Industrial Risk Insurers, et al., Plaintiffs, v. Creole Production Services, Inc., et al., Defendants.harbor Insurance Co., Third-party Plaintiff/appellant. v. Fluor Corporation, a Delaware Corporation; Fluor Alaska,inc.; and Fluor Engineers and Constructors, Inc.,its Wholly Owned Subsidiaries,third-party Defendants/appellees, 746 F.2d 526 (9th Cir. 1984)

Annotate this Case
U.S. Court of Appeals for the Ninth Circuit - 746 F.2d 526 (9th Cir. 1984) Argued and Submitted April 3, 1984. Decided Oct. 30, 1984

Thomas S. Felker, James B. McCabe, Foulds, Felker, Burns & Johnson, Seattle, Wash., for Industrial Risk Insurer.

John A. Treptow, Atkinson, Conway, Bell & Gagnon, Anchorage, Alaska, for Harbor Ins.

Mark A. Sanberg, Henry J. Camarot, Camarot, Sandberg & Hunter, Anchorage, Alaska, for Flouor.

Appeal from the United States District Court for the District of Alaska.

Before BROWNING and CANBY, Circuit Judges, and LYNCH,*  District Judge.

LYNCH, District Judge:

This matter is before the court on the appeal of the Harbor Insurance Company ("Harbor") from the district court's granting of summary judgment for the third-party defendants. The district court ruled that Harbor could not recover against the third-party defendants in implied indemnity. We agree, and we affirm the judgment for the reasons stated below. The opinion of the district court can be found at 568 F. Supp. 1323 (D. Alaska 1983).


The Alyeska Pipeline Service Company ("Alyeska") is the agent for the owners of the Trans-Alaska Pipeline System ("TAPS"). Industrial Risk Insurers is an insurer of the owners of TAPS; all TAPS insurers will be referred to collectively as "IRI." Creole Production Services, Inc. ("Creole") is an oil pipeline consultant that contracted with Alyeska to be in charge of the start-up of Alyeska's pump stations. The Harbor Insurance Company is Creole's insurer. The Fluor Corporation is a construction and engineering firm that contracted with Alyeska to design (and, for purposes of the motion for summary judgment, construct and test) the pump stations and terminal facilities; Fluor and its wholly owned subsidiaries will be referred to collectively as "Fluor."

On July 8, 1977, only six days after the commencement of pumping, an explosion and fire destroyed a pump station on the pipeline. One life was lost. Thereafter, IRI paid Alyeska, its insured, over $5,000,000. IRI then sued Creole in federal court under the court's diversity jurisdiction; IRI did not sue Fluor. IRI's initial complaint was based both on negligence and on an indemnity provision in Creole's contract with Alyeska, but IRI later filed an amended complaint that included only the contract claim. Creole impleaded Fluor. Creole then settled with IRI (for an amount not apparent) and assigned its rights against Fluor to its insurer Harbor.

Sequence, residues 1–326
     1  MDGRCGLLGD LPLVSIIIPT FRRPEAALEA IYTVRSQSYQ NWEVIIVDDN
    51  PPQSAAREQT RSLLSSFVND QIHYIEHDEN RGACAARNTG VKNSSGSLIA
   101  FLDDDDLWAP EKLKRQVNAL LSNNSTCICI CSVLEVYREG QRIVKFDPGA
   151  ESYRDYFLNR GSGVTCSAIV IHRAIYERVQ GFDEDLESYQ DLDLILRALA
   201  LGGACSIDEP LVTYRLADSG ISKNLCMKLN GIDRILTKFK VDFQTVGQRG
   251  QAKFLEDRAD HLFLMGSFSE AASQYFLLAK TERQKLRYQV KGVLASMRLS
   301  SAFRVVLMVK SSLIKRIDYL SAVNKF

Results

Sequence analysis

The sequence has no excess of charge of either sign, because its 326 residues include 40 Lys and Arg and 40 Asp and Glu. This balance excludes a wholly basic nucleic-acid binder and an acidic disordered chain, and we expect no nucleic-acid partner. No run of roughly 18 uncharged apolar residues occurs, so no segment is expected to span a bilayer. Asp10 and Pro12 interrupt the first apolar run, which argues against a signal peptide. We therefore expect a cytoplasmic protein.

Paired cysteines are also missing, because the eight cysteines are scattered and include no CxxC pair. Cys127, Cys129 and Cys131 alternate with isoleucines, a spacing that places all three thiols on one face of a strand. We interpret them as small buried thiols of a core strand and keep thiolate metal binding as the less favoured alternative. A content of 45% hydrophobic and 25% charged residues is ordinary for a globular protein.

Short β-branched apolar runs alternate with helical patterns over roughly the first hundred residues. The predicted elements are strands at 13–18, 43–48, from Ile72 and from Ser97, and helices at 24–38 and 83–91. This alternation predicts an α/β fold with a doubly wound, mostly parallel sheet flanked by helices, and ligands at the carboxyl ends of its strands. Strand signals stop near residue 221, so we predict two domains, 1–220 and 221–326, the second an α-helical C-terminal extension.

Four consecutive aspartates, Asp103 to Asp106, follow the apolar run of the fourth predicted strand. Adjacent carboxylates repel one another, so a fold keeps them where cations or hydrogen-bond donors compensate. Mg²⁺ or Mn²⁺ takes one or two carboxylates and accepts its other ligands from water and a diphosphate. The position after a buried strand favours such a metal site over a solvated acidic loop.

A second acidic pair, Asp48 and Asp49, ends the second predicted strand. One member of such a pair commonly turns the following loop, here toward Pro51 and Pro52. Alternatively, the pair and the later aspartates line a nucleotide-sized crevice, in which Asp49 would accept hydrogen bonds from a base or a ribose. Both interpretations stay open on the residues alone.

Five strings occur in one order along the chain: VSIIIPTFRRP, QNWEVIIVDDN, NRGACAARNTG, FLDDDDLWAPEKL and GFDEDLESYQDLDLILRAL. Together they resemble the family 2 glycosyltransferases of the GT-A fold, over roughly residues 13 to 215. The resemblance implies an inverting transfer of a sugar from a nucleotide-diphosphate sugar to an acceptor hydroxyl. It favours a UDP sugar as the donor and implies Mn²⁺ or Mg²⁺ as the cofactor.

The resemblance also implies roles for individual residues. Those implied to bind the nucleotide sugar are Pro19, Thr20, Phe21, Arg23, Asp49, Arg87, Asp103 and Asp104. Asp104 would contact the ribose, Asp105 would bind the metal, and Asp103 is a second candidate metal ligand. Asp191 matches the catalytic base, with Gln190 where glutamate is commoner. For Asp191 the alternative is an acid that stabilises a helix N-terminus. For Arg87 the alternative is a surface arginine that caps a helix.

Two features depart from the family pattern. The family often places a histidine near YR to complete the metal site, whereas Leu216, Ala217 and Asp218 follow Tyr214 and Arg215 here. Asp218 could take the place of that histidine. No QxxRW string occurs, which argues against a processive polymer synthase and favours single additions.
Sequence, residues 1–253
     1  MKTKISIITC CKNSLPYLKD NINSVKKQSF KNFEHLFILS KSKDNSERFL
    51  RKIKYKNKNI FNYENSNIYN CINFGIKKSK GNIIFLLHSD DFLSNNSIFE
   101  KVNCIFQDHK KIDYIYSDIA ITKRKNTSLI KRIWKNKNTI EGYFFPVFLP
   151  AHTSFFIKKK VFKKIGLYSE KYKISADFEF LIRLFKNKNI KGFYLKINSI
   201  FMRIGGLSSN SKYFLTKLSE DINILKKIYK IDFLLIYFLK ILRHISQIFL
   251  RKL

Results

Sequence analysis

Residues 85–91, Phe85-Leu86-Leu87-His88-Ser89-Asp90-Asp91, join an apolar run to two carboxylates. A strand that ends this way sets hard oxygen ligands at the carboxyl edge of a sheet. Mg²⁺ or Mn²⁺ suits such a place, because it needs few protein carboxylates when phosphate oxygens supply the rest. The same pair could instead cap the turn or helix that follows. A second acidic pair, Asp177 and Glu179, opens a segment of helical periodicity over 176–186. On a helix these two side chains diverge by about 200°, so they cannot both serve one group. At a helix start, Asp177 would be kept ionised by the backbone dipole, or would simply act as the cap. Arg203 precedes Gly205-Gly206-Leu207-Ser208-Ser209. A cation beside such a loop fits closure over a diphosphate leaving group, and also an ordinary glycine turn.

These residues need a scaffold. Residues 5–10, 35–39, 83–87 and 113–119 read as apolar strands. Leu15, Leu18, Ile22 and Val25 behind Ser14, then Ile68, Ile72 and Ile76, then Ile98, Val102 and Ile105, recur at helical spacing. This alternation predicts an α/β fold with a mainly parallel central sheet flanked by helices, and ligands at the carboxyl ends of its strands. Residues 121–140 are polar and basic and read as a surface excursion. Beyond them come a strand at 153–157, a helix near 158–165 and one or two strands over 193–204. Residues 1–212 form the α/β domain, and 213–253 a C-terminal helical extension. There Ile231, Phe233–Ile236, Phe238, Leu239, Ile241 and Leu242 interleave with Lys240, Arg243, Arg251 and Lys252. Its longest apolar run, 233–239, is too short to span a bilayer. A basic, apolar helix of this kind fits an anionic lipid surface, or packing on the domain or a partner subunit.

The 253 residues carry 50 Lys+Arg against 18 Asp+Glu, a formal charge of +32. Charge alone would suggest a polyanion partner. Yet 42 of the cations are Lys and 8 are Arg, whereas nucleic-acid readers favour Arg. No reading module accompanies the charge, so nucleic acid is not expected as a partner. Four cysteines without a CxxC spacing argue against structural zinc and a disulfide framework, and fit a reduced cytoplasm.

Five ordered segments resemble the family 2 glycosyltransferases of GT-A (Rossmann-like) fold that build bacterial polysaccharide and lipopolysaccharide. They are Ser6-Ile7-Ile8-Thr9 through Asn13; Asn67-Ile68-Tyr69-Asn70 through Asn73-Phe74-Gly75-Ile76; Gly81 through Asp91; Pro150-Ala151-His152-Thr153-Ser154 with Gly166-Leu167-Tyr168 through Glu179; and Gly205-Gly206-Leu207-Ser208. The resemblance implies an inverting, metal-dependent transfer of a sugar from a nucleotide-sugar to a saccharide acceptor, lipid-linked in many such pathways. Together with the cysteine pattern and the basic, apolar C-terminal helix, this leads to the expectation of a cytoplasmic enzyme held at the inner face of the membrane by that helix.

The third-party complaint alleges that Fluor is liable to indemnify Creole for either the entire amount of Creole's liability or pro rata on the basis of proportionate fault. On a motion for summary judgment, the district court found against Harbor as to each of five broad theories of liability that the court found were suggested by the facts alleged in the third-party complaint. These theories included contribution, breach of warranty, partial indemnity, indemnity, and liability for economic loss due to Fluor's negligence. Only the indemnity claim is before the court on appeal.


Harbor's claim for implied indemnity sounds in quasi-contract. Essentially, Harbor asserts that the court should imply a promise by Fluor to indemnify Creole/Harbor because Fluor would otherwise be unjustly enriched. Fluor has raised four arguments, any one of which, if correct, would allow it to prevail. Although all of these arguments were made in the district court, that court reached only the argument that Creole/Harbor has no right to indemnity because it was either a concurrent tortfeasor or a volunteer.

We agree with the district court's holding that persons who volunteer payments are not entitled to indemnification under the general law of indemnity. See Restatement of Restitution Sec. 76 (1937); Fulton Ins. Co. v. White Motor Corp., 261 Or. 206, 208-10, 493 P.2d 138, 140-41 (1972). We also agree with the district court's conclusion that Alaska law prevents concurrent tortfeasors from recovering anything in implied indemnity. Vertecs Corp. v. Reichhold Chemicals, Inc., 661 P.2d 619 (Alaska 1983). Notwithstanding our agreement with these rulings of the district court, we choose to affirm the judgment on another ground.1  We hold that Harbor cannot recover from Fluor in implied indemnity because it was either a concurrent tortfeasor or a mere insurer or guarantor. This argument was presented to the district court, and we prefer to rest our affirmance on this ground because it does not involve the difficult issues of contract interpretation comprehended by the argument accepted by the district court.